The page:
ETA: would love to have a cabin set up like that :)
 
If I’m understanding you right. You are gonna attach the deck to the house using treated lumber? You could use lags to run a rim joist along the house . There will be a 2x8 or 10 rim joist running the length of the house. I’ve done a few decks this way on bi levels like yours. It isn’t the ideal solution, but with the basement finished you can’t access the inside to put bolts in. If you went this route I wouldn’t trust this to carry the whole weight on the house side. But it would tie the deck to the house.
 
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I doubt the dock is very securely attached to the pilings, what with winter and all meaning that you can't weld them together

The piling land in the 90* corners, they’re solid. We lay the sections out, mark, pull them, auger, replace, and drive. Flat bar spans the gap after the pipe is burned in place.
 
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The issue I have with 100% free standing is I'm limited to the diameter pipe I can drive with my mini and demo hammer turned pile driver. Typically we use ~4" drill stem which has some flex sticking out of the ground 6'. I guess I could cross brace everything, but I'd like to use the area under it for storage and it seems like that might get in the way.

Is there any connection to the house free standing at all, or are they completely isolated from each other?

Fill pipe with concrete
 
Drill some holes in the steel frame that is tied to the house, use some non rotting spacers (hockey pucks) and lag bolt it through into your rim joist. Do you have building codes there or enforcement of codes?
Maybe this will help you https://www.awc.org/pdf/codes-standa...Guide-1405.pdf

ETA: would love to have a cabin set up like that :)

This is what I would do, but I would use Ledger Loks instead of lag bolts. Do them two at a time in vertical fashion to add strength.
 
I'm not going to lie, this sure sounds a lot harder than just building it out of treated lumber. If you can measure and cut with a tape and miter saw, you can build a deck.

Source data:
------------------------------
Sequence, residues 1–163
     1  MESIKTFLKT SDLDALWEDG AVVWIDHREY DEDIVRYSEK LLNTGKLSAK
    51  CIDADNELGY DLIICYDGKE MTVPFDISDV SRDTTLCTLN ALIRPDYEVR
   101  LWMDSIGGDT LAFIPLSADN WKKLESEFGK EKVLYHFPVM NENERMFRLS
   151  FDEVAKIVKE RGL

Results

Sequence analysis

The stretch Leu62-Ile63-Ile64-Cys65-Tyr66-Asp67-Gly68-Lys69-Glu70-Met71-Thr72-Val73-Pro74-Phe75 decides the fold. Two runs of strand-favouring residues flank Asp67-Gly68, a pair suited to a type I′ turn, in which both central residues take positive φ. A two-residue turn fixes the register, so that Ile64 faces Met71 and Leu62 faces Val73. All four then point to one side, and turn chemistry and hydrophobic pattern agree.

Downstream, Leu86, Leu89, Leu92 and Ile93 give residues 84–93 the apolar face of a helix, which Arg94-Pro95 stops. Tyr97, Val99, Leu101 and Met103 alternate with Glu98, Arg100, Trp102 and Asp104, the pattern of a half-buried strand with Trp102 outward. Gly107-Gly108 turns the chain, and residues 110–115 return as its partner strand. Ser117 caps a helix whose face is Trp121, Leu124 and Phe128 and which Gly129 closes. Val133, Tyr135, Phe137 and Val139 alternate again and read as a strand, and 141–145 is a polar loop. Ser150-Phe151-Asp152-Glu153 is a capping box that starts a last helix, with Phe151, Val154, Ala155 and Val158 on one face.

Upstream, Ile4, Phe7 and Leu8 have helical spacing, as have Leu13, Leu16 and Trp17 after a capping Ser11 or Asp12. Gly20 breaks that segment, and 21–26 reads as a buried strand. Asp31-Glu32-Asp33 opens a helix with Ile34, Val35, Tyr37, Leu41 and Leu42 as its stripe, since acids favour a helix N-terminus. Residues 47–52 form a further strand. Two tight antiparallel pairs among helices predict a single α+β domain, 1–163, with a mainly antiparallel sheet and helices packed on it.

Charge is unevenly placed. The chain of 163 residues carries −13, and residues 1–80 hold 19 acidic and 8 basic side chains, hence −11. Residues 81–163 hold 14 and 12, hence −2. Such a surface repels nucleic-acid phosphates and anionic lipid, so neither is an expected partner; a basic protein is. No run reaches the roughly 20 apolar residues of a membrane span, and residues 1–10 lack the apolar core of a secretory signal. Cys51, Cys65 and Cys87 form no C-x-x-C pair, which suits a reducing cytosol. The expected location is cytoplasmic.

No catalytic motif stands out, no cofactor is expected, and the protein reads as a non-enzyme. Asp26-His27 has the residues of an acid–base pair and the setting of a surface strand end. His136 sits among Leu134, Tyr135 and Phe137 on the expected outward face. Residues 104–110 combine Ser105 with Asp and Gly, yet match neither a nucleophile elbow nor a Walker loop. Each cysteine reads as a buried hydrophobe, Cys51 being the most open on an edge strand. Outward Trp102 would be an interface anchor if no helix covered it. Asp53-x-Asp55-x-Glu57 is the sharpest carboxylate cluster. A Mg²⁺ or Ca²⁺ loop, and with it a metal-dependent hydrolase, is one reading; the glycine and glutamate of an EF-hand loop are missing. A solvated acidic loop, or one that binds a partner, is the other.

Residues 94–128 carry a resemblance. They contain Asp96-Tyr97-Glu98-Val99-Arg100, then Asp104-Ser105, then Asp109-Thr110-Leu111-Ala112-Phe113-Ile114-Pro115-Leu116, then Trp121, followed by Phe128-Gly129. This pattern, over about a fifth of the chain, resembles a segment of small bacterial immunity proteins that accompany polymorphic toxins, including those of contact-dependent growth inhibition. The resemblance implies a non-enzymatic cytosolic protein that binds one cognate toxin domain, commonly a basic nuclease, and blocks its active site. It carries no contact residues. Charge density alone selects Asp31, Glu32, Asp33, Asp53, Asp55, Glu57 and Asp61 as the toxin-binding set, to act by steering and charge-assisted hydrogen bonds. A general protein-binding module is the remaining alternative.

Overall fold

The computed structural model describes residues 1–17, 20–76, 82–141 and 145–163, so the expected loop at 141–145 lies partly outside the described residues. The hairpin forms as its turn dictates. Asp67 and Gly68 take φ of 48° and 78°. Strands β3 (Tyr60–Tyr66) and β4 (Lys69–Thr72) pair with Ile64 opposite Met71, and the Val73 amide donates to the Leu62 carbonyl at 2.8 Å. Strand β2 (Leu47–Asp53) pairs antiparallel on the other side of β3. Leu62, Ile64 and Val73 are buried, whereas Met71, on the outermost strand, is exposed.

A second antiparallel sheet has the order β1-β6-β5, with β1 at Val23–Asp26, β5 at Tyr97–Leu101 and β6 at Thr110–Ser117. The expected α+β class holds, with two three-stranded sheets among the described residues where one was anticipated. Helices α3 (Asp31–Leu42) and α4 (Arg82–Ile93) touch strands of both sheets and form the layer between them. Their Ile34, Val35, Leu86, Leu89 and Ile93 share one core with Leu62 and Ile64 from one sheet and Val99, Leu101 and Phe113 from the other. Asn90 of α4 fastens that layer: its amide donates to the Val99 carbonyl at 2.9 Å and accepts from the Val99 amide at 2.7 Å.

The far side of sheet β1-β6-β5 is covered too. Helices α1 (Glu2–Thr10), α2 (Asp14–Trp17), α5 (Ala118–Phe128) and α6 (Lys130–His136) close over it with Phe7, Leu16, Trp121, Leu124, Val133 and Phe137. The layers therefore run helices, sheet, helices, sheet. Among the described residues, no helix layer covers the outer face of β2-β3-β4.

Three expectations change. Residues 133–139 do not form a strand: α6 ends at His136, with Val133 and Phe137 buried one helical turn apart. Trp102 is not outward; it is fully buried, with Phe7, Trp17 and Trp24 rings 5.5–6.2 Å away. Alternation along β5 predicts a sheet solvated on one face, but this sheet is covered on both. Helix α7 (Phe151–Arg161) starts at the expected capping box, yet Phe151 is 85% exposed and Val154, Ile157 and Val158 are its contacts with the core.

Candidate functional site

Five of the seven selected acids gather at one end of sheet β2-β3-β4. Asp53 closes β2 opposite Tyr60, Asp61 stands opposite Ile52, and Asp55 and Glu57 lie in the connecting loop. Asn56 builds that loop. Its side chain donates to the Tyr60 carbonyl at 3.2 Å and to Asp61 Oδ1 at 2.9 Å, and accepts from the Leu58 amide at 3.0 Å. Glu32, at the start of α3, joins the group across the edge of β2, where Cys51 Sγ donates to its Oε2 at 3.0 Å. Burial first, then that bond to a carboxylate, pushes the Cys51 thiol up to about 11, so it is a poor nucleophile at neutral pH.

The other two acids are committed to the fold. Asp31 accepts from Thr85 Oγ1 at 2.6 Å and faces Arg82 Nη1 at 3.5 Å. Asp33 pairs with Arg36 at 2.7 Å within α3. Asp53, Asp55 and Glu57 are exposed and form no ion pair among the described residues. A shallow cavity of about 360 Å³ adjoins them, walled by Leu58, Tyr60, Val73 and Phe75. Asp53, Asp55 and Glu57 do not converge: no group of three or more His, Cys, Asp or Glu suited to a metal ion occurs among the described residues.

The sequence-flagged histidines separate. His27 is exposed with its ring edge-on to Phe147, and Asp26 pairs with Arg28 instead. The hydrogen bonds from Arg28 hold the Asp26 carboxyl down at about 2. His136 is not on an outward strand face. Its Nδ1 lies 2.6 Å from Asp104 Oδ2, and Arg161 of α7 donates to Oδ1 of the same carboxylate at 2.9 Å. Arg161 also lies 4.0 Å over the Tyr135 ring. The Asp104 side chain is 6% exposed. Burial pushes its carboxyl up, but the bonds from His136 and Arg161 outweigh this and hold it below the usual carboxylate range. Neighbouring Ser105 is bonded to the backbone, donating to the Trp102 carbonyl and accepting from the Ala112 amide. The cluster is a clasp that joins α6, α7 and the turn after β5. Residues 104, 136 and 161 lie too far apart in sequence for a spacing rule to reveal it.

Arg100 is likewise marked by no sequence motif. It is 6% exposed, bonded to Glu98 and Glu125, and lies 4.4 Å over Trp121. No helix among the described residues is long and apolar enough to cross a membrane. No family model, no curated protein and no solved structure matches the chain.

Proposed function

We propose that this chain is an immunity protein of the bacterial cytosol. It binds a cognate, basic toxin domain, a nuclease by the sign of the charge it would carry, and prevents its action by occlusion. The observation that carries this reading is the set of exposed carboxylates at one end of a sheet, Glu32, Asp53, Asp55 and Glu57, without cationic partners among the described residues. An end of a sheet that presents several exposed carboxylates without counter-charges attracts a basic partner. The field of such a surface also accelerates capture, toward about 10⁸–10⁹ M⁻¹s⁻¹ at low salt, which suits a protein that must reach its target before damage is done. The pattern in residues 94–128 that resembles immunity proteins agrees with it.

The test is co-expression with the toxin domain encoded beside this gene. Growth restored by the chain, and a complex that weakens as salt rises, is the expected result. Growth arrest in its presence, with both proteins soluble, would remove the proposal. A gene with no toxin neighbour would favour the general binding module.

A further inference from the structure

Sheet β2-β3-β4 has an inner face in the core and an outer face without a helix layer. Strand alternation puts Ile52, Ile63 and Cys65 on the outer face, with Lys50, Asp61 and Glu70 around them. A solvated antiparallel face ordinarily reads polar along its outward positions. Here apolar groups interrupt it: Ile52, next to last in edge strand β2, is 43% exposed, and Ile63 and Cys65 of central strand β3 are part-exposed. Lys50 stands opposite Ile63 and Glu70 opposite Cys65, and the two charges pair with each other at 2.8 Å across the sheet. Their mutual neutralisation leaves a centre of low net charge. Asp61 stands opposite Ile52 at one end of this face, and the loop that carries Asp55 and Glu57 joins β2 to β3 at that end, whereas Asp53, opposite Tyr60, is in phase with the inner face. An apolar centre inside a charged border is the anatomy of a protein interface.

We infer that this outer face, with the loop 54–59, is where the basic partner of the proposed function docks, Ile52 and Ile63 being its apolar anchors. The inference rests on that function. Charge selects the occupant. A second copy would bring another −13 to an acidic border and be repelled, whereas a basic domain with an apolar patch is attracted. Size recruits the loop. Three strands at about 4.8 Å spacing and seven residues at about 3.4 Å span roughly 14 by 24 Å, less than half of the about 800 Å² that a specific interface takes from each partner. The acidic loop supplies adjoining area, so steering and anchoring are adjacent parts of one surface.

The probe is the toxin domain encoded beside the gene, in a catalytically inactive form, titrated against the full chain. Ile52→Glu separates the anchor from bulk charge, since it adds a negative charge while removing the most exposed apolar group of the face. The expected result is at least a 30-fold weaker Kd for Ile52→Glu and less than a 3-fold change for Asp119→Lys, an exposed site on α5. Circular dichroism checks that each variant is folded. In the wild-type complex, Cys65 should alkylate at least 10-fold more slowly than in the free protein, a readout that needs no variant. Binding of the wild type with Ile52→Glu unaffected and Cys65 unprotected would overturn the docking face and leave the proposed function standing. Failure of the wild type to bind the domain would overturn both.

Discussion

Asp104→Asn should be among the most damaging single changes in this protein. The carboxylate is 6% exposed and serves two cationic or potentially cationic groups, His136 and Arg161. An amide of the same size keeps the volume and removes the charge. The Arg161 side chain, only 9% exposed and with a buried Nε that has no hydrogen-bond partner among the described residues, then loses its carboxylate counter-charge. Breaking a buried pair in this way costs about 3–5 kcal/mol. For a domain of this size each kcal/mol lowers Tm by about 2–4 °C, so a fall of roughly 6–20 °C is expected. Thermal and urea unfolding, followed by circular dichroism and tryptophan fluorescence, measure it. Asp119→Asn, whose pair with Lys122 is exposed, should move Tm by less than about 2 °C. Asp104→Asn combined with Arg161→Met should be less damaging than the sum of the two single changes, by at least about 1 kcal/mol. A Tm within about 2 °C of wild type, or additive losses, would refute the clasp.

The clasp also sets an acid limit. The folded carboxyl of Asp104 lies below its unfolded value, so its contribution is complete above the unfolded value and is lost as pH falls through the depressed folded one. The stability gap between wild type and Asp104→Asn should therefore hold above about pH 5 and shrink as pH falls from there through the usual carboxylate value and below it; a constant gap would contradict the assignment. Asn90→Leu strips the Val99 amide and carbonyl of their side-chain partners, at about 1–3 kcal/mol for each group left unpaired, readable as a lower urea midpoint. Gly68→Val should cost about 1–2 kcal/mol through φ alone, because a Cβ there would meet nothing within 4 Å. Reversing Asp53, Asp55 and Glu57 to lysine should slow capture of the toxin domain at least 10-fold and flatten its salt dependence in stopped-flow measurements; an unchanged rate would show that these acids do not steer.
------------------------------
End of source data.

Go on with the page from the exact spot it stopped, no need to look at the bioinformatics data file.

I like doing things the difficult way. The stairs are gonna be much easier out of steel too. Honestly how is steel making it much more difficult?
 
I would do it free standing as well. Want to cross brace everything both ways horizontally and vertically, its amazing what a few 2x4 can do to a deck when placed in the right place.

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Could you not build it like that to take up some of the gap? Most posts I've seen are 12-18 inches off the house.
 
I like doing things the difficult way. The stairs are gonna be much easier out of steel too. Honestly how is steel making it much more difficult?

Its not necessarily more difficult. It’s just that conventional wood framing is so mainstream that you can buy everything you need at the hardware store and then boob tube any questions.

if you like working with steel then hell yea do it. Small triangulation on your post to beam connections with help a ton and you can also weld some triangulation on to the joists to really gelp lock it all together. I am currently building decks again and mainly do wood with some composite here and there. Build that fucker with steel and post up the pimp pics. :smokin:
 
I just installed a metal cable railing ( :smokin: ) around a metal deck. They used 6x6 wooden posts topped with I beams. It was built conventionally, but with big I beams instead of timber framing. I recommend joist spacing of 12" if you're using composite decking. That stuff is flimsy.
 
I built a 2nd story freestanding wood framed deck years ago. With the diagonal bracing it was solid enough but, relative to the house, it swayed enough to be noticeable. I added stainless pipe standoffs and lagged it to the rim joist to tie the two together.
I'm sure you could come up with something.
 
I just installed a metal cable railing ( :smokin: ) around a metal deck. They used 6x6 wooden posts topped with I beams. It was built conventionally, but with big I beams instead of timber framing. I recommend joist spacing of 12" if you're using composite decking. That stuff is flimsy.

Definitely 12" OC for composite. That stuff cost a fortune and is terrible.

When we moved into our house the previous owner built an absolute nightmarish deck. I lagged it to the house properly, double banded the outer framing, put in real hand rails, and then built an 8'x8' landing for the stairs off of it. Everything is solid as a rock. Even the 8x8 was solid before I attached stairs to the deck above and the ground. I wrapped it in 2x12's, 6x6 on each corner, and used 2x10's 16" OC for the decking.